Classic Pen.docx - BUSI 294 Activity Based Costing Question 1 Jane Dempsey controller of the Classic Pen Company was concerned about the recent

Classic Pen.docx - BUSI 294 Activity Based Costing Question...

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BUSI 294Activity Based Costing Question 1Jane Dempsey, controller of the Classic Pen Company, was concerned about the recent financial trends in operating results. Classic Pen had been the low-cost producer of traditional BLUE pens and BLACK pens. Gross margin were over 20%of sales. Several years earlier Dennis Selmor, the sales manager, had seen opportunities to expand the business by extending the product line into new products that offered premium selling prices over traditional BLUE and BLACK pens. Five years earlier, RED pens had been introduced; they required the same basic production in technology but could be sold at a 3% premium. And last year, PURPLE pens had been introduced because of the 10% premium in selling price they could command.But Dempsey had just seen the financial results (see Exhibit 1) for the most recent fiscal year and was keenly disappointed.“The new RED and PURPLE pens do seem more profitable than our BLUE and BLACK pens, but overall profitability is down, and even the new products are not earning the margins we used to see from our traditional products. Perhaps this is the tougher global competition I have been reading about. At least the new line, particularly PURPLE pens, is showing much higher margins. Perhaps we should follow Dennis’s advice and introduce even more specialty coloured pens. Dennis claims that consumers are willing to pay higher prices for thesespecialty colours.”Jeffrey Donald, the manufacturing manager, was also reflecting on the changed environment at Classic Pen:“Five years ago, life was a lot simpler. We produced just BLUE and BLACK pens in long production runs, and everything ran smoothly, without much intervention. Difficulties started when the RED pens were introduced, and we had to make more changeovers. This required us to stop production, empty the vats, clean out all remnants of the previous colour, and then start the production of the red ink. Making black ink was simple; we didn’t even have to clean out the residual blue ink from the previous run if we just dumped in enough black ink to cover it up. But for the RED pens, even small traces of theblue or black ink created quality problems. And the ink for the new PURPLE pens also has demanding specifications, but not quite as demanding as for RED pens.1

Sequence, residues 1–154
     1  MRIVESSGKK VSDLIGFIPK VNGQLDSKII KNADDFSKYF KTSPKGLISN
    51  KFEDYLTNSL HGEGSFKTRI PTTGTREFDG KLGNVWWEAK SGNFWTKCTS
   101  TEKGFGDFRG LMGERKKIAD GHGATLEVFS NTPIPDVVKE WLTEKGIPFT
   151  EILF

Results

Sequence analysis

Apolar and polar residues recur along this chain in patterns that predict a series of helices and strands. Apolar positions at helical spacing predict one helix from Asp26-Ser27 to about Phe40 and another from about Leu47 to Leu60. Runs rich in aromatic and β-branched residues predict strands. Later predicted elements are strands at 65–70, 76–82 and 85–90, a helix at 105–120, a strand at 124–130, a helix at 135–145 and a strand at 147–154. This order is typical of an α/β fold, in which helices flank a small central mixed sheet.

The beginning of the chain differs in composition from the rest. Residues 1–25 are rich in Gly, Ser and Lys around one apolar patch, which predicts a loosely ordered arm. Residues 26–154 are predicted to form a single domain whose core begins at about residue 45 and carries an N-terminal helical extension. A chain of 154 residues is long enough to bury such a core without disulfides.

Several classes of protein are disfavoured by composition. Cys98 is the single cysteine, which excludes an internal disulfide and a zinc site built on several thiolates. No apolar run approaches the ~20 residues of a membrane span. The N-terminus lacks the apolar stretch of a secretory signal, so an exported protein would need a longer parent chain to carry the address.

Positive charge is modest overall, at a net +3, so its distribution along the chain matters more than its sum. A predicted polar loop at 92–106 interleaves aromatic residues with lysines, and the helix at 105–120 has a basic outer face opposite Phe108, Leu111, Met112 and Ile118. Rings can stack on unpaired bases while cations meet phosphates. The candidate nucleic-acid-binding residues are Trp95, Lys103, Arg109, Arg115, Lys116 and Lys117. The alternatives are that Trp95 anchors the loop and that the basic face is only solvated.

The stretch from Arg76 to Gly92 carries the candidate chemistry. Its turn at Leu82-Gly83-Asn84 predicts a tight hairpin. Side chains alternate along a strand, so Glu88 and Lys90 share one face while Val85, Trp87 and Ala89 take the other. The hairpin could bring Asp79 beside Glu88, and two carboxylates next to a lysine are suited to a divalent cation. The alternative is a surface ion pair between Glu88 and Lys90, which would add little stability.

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We seem to be spending a lot more time on purchasing and scheduling activities and just keeping track of where we stand on existing, backlogged, and future orders. The new computer system wegot last year helped a lot to reduce the confusion. But I am concerned about rumors. I keep hearing that even more new colours may be introduced in the near future. I don’t think we have any more capabilityto handle additional confusion and complexity in our operations.”OperationsClassic produced pens in a single factory. The major task was preparing and mixing the ink for the different-coloured pens. The ink was inserted into the pens in a semi-automated process. A final packing and shipping stage was performed manually.
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  • Fall '08
  • NORWOOD
  • Cost driver, Jane Dempsey

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